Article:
Glenn Beck's Year of Wild Conspiracies, Paranoid Delusions and Cynical Lies
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Having used his radio and Fox News shows to cultivate a legion of followers, Beck now seems poised to push the movement forward, promising a new " multi-level" plan for his 9-12 project that involves more conventions, meetings with conservative "minds," and a rally at the Lincoln Memorial. Becks' laudable goal: nothing less than to " save our country." And it seems the GOP and the tea partiers have finally answered Beck's call.
Beck's wild conspiracy charts
Regular viewers of the Glenn Beck show this year were treated to a litany of charts and graphs, purportedly laying out a myriad of suspicious connections among things with names like ACORN, SEIU, the Tides Foundation, and two brothers named Rathke. Oh, and occasionally fictional characters. These charts were frequently depicted as trees, and often represented by encircled words with lines showing how each circle is connected. Occasionally they involved defacing the U.S. flag.
Beck's conspiracy theories made room for Sotomayor and the Puerto Rican Legal Defense and Education Fund, the National Endowment for the Arts, White House adviser Valerie Jarrett, Che Guevara, Mumia Abu-Jamal, OnStar, Fannie Mae and Freddie Mac, and " almost everything."
When Beck famously spelled "OLIGARH" to illustrate the type of political system the grandest of conspiracies was constructing, he simply claimed a day later that his misspelling proved "you can't spell 'oligarch' without the czars." When he used a game of Connect 4 to illustrate one of his many conspiracy theories, he accidentally won before he could use the game piece representing Obama, but pressed on anyway, only able to make his grand point after cheating at a child's game in which he was playing against himself.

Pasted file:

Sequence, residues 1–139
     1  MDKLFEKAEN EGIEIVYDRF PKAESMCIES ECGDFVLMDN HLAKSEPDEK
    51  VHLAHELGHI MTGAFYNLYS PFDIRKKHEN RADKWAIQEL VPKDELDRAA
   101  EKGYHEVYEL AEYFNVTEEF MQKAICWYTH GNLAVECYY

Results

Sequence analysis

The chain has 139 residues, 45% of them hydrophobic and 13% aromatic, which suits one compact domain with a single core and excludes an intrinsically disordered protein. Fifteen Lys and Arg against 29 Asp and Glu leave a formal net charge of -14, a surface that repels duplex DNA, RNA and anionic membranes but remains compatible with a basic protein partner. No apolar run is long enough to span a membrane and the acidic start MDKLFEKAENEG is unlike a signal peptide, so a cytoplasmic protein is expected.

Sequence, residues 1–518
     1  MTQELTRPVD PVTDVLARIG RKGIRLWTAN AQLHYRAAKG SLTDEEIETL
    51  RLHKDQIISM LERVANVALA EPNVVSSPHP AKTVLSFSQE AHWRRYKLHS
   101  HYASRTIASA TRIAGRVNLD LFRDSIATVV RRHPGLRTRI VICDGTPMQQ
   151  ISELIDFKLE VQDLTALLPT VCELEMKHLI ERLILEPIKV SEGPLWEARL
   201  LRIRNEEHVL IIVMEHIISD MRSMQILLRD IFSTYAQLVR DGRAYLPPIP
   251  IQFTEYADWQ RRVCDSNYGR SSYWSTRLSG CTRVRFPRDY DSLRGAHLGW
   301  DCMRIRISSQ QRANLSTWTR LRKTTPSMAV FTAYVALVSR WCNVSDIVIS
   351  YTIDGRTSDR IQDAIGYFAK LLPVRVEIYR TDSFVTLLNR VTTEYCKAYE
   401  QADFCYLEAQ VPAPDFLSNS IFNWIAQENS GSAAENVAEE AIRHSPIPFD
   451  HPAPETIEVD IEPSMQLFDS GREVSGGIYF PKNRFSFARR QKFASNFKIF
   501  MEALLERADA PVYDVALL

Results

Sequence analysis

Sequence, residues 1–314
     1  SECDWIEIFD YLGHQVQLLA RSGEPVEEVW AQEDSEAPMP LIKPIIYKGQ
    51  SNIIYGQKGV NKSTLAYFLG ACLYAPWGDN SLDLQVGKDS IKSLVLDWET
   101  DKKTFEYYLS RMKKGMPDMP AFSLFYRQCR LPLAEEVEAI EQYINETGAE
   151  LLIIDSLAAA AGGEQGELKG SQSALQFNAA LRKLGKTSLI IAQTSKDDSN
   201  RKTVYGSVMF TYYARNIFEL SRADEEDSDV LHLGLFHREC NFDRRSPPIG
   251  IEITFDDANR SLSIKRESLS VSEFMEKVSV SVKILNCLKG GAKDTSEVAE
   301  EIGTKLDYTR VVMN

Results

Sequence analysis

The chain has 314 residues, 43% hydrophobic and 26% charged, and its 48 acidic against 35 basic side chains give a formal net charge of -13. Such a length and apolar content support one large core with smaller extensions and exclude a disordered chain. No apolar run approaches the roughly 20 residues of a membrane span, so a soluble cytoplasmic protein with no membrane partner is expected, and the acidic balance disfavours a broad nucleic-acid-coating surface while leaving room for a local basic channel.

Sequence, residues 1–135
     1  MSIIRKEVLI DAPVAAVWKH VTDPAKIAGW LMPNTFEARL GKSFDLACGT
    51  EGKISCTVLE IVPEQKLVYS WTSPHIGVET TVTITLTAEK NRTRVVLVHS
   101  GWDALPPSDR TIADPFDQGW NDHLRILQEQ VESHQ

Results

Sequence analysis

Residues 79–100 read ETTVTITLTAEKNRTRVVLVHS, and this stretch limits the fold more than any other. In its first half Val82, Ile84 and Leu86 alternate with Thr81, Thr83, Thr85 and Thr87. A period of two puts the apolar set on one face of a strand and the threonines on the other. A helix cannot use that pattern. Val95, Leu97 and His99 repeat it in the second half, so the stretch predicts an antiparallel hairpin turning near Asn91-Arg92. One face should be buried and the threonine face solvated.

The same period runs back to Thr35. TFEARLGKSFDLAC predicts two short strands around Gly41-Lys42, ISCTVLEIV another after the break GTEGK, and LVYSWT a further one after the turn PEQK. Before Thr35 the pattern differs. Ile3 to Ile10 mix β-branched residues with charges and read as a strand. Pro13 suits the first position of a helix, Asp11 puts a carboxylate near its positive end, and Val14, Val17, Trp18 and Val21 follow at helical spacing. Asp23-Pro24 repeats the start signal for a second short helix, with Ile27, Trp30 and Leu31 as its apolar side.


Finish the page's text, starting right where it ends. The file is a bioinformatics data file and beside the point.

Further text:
In Beck's conspiratorial world, union officials make decisions on whether to send additional troops to Afghanistan, community organizers are deliberately undermining the financial system, ACORN is designing "government-run health care," and the whole cast of conspirators is establishing a " maximum wage" to redistribute wealth and fixing elections in New York and Minnesota. Oh, and New Orleans' response to Hurricane Katrina was an effort to hide ACORN corruption.
The irony, of course, is that for each of the illusory connections Beck draws between his political enemies, there exists an actual connection between Beck and some of the more controversial actors in the world of right-wing activism.
He's not saying there are FEMA concentration camps ...
One of the methods to Beck's madness is the attempted debunking -- a clever little trick whereby Beck professes his desire to prove false a wild conspiracy theory, but finds himself unable to, thereby lending it credibility without actually endorsing its veracity. A fine illustration of this technique can be found in Beck's efforts to "debunk" rumors of the Obama administration's FEMA concentration camps. On March 4, Beck appeared on Fox & Friends and declared, "We are a country that is headed towards socialism, totalitarianism beyond your wildest imagination." He subsequently stated that he "wanted to debunk" the theory that FEMA was building camps, but added: "I can't debunk them." His non-debunking continued:
BECK: It is -- it is our government. If you trust our government, it's fine. If you have any kind of fear that we might be headed towards a totalitarian state, look out, buckle up. There is something going on in our country that is -- ain't good.
On his Fox News program later that day, Beck claimed, "I don't believe in the FEMA prison," and later stated, "If these things exist, that's bad, and we will cover it. If they don't exist, it's irresponsible to not debunk this story." One month later, Beck hosted James Meigs, Popular Mechanics' editor-in-chief, to debunk the stories. To recap, Beck had first warned of "a country that is headed towards socialism, totalitarianism beyond your wildest imagination," then had brought up the rumors of FEMA concentration camps that he "wanted to debunk" but could not. Later that day he professed, "I don't believe in the FEMA prisons," but again suggested he could not debunk them. It was a month before he got around to definitively debunking them.